KPS = 5 # Target Keyframes Per Second
VIDEO_PATH = "path/to/video/folder" # Change this
IMAGE_PATH = "path/to/image/folder" # ...and this 
EXTENSION = ".png"

cap = cv2.VideoCapture(VIDEO_PATH)
    # Set frames-per-second for capture
    fps = round(cap.get(cv2.CAP_PROP_FPS))
    hop = round(fps / KPS)
    curr_frame = 0
    while(True):
        ret, frame = cap.read()
        if not ret: break
        if curr_frame % hop == 0:
            print('Creating... {0}'.format(name,))
            name = IMAGE_PATH + "_" + str(curr_frame) + EXTENSION
            cv2.imwrite(name, frame)
        curr_frame += 1
    cap.release()

Note that I'm rolling through all the frames, but only writing the N-th frame using hop as N.

1

I use this repo!

Main idea is:

main.py

from camera import VideoCam
SKIPFRAME = 8
url = 0
v1 = VideoCam(url)
v1.check_camera(v1.cap)
ct = 0
while True:
    ct += 1
    try:
        ret = v1.cap.grab()
        if ct % SKIPFRAME == 0:  # skip some frames
            ret, frame = v1.get_frame()
            if not ret:
                v1.restart_capture(v1.cap)
                v1.check_camera(v1.cap)
                continue
            # frame HERE
            v1.show_frame(frame, 'frame')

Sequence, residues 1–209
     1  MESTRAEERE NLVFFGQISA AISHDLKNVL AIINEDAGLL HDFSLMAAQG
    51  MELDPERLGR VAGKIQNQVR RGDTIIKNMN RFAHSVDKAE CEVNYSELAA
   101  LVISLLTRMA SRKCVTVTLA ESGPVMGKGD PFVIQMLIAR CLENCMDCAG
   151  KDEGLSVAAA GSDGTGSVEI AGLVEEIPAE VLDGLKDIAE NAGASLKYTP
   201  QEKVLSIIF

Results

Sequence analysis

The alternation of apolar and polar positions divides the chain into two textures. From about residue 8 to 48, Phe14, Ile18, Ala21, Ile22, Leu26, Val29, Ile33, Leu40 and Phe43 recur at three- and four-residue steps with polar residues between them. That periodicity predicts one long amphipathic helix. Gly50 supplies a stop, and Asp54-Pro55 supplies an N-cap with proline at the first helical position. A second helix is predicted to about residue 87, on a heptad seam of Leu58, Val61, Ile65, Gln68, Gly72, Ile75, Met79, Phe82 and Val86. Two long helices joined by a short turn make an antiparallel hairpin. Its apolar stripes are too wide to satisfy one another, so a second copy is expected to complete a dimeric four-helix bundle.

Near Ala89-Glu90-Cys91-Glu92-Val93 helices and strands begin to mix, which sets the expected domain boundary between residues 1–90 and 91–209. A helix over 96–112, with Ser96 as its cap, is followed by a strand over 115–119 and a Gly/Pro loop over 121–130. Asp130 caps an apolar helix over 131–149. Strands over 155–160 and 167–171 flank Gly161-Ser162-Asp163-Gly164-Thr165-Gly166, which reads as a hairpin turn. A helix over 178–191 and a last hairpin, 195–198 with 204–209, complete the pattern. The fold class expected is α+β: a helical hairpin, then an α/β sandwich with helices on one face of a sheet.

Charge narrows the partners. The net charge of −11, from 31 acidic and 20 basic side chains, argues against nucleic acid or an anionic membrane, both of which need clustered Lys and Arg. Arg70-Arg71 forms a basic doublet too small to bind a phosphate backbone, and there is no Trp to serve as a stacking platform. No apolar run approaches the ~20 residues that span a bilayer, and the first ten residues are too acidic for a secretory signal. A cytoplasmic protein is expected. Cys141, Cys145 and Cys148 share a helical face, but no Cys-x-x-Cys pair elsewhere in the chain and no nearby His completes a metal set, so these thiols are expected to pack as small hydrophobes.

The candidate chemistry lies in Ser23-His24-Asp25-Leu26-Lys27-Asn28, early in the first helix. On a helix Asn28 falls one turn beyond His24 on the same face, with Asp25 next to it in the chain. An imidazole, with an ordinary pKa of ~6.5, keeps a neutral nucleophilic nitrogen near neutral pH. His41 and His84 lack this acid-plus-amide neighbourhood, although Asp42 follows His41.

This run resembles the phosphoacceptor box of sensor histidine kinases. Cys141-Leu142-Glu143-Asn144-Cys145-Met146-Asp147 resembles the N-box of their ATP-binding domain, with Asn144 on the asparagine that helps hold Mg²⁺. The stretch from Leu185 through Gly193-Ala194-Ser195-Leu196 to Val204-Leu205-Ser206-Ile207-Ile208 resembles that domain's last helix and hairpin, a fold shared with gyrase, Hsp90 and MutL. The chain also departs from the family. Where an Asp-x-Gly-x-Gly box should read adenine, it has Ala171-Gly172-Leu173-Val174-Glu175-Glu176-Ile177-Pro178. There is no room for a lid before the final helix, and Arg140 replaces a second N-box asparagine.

except KeyboardInterrupt:
        v1.close_cam()
        exit(0)

camera.py

import cv2
import logging


class VideoCam():
    def __init__(self, url=0):
        self.url = url
        self.cap = cv2.VideoCapture(self.url)
        self.get_frame()
        self.get_frame_read()
        logging.basicConfig(format='%(asctime)s %(message)s', level=logging.INFO)

    def check_camera(self, cap):
        logging.info('Camera {} status: {}'.format(self.url, cap.isOpened()))

    def show_frame(self, frame, name_fr='NAME'):
        cv2.imshow(name_fr, frame)
        # cv2.imshow(name_fr, cv2.resize(frame, (0, 0), fx=0.4, fy=0.4))
        cv2.waitKey(1)


    def get_frame(self):
        return self.cap.retrieve()

    def get_frame_read(self):
        return self.cap.read()

    def close_cam(self):
        self.cap.release()
        cv2.destroyAllWindows()

    def restart_capture(self, cap):
        cap.release()
        self.cap = cv2.VideoCapture(self.url)
1

You should use the grab function to move to next frame. And only use retrieve to decode the frame you need.

bool bSuccess
int FramesSkipped = 5;
for (int a = 0;  < FramesSkipped; a++)
      bSuccess = cap.grab();
bSuccess = cap.retrieve(NextFrameBGR);
1

if anyone will need to capture every 5th frame and save it as jpg, based on Ishan Shah's code:

import cv2

vid = cv2.VideoCapture('C:/python_works/creatives_gardenscapes/0c52b83ed1dec617092aaf83278f12ad.mp4')

if not os.path.exists('images'):
    os.makedirs('images')

index = 0
while(True):
    ret, frame = vid.read()
    if not ret: 
        break
    name = 'C:/python_works/creatives_gardenscapes/frames/0c52b83ed1dec617092aaf83278f12ad' + str(index) + '.jpg'